Monday, January 14, 2013

Remember Me Like This

Warning: Nerd talk ahead.

Yesterday I finished watching all seven seasons of Star Trek: Deep Space Nine.  My sister was right - once I got through the first two season, the show, its characters, its themes, got deeper and more compelling.  It dealt honestly with issues of faith, love, suffering, ethics, war, peace and the compromises we make to bring about a future we want.  Gul Dukat was one of my favorite characters even though he was TERRIBLY EVIL; that actor managed to make him compelling, charismatic and even sympathetic.
You know you've watched too many episodes in a row
when you start to think, "Dukat's actually good looking.
Even more than that, Dukat was one of the most compelling characters on the show because he was one of the most complicated.  Throughout the series you saw him carry out acts of great evil and acts of great compassion, and we the viewers were hurt deeply by his betrayals because WE KNEW HE WAS CAPABLE OF BETTER.  He had PROVED he was capable of better, but chose otherwise.  That's great writing because it's what we all experience in real life.  No one is actually all good or all bad (sorry Aragorn).  Life is much closer to Game of Thrones than it is to Lord of the Rings.

The finale of the show was sad, but I didn't cry until close to the very end when Odo and Kira were saying goodbye to one another.  Odo had chosen to return to his dying people, to heal and lead them off the path of destruction.  That choice meant he would leave behind the woman he loved.  
FINALLY.  It only took 7 seasons.
She let him go because she loved him.  Before Odo rejoined his people, he shape-shifted to appear he was wearing a Tuxedo.  That was the way he wanted her to remember him, that was the last image he wanted her to have.  "Remember me like this."  I cried - not just because two people who loved each other were letting one another go.  I also cried because the separation that I experience from Cliff has none of the gentle release and honor that Odo and Kira underwent.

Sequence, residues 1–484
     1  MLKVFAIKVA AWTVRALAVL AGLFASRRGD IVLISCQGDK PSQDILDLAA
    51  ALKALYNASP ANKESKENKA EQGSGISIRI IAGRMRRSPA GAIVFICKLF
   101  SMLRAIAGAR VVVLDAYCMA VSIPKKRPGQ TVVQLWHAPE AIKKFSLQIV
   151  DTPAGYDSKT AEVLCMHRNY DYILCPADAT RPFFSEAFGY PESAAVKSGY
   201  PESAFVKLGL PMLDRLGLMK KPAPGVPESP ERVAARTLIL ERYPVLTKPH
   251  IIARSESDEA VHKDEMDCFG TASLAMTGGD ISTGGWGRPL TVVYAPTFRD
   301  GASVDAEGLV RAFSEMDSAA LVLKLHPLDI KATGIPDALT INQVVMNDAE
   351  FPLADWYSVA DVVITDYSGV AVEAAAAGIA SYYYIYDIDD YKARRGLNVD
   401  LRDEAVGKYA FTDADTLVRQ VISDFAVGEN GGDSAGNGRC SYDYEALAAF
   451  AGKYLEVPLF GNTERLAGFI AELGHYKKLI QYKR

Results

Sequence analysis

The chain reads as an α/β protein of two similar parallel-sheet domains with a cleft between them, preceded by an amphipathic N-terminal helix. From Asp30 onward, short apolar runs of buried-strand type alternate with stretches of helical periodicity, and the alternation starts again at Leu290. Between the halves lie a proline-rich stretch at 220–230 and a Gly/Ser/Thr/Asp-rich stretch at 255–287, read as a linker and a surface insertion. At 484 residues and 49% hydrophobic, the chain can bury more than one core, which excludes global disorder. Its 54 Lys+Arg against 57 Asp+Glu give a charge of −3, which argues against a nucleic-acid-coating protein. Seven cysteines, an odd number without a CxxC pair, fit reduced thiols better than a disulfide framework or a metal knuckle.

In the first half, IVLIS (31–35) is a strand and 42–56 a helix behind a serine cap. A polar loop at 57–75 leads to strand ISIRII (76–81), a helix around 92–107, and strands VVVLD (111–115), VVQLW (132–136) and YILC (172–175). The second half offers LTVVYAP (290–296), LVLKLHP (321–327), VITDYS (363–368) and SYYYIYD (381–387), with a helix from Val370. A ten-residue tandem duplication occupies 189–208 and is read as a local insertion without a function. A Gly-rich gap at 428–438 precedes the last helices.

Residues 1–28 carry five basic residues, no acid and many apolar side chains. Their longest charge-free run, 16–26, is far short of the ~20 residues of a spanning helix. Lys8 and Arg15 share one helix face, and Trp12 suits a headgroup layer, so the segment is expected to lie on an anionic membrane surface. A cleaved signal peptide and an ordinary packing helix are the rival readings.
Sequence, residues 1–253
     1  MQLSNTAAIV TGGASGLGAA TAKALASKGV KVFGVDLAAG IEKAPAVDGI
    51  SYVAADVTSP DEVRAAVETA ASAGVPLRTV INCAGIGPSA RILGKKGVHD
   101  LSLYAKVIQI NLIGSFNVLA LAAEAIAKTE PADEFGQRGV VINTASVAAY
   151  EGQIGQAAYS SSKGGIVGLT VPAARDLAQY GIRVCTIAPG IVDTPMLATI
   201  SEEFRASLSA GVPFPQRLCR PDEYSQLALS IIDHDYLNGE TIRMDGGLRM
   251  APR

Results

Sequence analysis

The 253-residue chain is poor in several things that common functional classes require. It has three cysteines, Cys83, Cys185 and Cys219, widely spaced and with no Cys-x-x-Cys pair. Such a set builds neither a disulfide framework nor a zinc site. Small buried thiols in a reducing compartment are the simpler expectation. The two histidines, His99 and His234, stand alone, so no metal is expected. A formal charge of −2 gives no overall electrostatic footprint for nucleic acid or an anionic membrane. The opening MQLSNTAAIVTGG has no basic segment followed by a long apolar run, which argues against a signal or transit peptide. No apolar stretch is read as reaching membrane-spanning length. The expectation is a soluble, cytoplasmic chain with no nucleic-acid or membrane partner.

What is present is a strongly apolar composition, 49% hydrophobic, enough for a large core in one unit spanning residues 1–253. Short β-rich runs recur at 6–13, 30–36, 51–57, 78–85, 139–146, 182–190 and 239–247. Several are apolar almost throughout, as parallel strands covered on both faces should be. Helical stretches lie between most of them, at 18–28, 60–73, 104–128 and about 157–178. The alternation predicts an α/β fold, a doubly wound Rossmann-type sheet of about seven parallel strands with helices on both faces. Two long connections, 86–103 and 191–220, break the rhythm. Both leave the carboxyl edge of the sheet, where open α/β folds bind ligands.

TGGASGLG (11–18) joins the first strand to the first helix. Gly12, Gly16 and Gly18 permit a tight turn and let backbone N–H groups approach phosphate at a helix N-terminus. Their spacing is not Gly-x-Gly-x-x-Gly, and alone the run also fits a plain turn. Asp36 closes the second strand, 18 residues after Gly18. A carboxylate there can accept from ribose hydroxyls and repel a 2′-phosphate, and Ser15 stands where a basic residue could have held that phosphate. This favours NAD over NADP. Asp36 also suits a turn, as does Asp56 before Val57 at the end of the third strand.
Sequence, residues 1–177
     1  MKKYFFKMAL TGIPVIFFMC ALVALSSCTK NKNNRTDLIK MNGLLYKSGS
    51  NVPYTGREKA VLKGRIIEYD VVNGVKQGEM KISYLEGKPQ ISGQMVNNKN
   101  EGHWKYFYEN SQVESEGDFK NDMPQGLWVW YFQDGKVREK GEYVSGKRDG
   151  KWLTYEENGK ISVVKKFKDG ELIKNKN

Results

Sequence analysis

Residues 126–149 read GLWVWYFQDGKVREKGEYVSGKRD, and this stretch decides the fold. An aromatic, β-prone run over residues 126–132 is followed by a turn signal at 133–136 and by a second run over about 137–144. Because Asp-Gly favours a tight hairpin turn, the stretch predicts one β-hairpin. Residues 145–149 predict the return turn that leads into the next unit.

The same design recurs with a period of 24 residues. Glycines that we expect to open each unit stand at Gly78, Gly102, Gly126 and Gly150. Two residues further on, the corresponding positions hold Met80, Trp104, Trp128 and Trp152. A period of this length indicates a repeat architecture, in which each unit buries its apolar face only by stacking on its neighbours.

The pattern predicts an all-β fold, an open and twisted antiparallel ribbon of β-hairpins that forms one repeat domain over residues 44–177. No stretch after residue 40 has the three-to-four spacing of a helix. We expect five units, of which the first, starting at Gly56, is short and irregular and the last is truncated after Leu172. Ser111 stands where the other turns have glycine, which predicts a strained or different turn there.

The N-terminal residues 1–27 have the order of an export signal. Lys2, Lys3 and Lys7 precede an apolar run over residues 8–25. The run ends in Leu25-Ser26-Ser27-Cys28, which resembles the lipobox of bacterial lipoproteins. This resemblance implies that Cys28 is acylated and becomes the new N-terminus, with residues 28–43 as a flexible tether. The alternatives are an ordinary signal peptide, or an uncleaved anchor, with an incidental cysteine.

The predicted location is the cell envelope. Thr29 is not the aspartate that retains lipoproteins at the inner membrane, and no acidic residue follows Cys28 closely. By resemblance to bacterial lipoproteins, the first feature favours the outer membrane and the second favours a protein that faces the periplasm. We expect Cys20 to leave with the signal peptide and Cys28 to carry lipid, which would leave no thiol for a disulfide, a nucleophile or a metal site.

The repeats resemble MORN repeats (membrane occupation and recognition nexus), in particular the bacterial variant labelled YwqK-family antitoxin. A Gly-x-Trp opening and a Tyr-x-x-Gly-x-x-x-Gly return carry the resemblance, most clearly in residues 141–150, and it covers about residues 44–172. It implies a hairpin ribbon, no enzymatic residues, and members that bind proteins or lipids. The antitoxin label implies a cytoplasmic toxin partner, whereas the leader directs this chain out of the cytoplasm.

If only we actually had the ability to determine the anchoring images we leave in people's minds.  There are times when I can call to mind the good, the beautiful, the sacred images of Cliff.  But when I am especially angry and betrayed (STILL?), Cliff seems more like Gul Dukat: one who could have chosen better, knew to choose better, and instead wielded his choice like a weapon that severed me in half.

There is a maudlin moral to this: that we must be careful about how we live because we can never be sure what moment in time will become the image that someone brings to mind when they seek to remember us.  But it is more than that - we are all constantly being barraged by choices, choices that will define not only our lives but the lives of unknowable others around us. We do not have the benefit of a good writing staff to find meaning in the suffering or joys of life.  We only have each fragile moment presented to us and we have to be deliberately and unfalteringly AWARE of who we are choosing to become.  Gul Dukat was at times sympathetic and compassionate, but the totality of his choices made him evil and destructive.  The totality of his choices put a metaphysical asterisk by any act of good he did.

May you live a life that leaves behind images of compassion, sacrifice, love, forgiveness and grace.  May you live a life that does not require asterisks by your achievements.  May you be able to say to those you love "Remember Me Like This" and believe that they will. 

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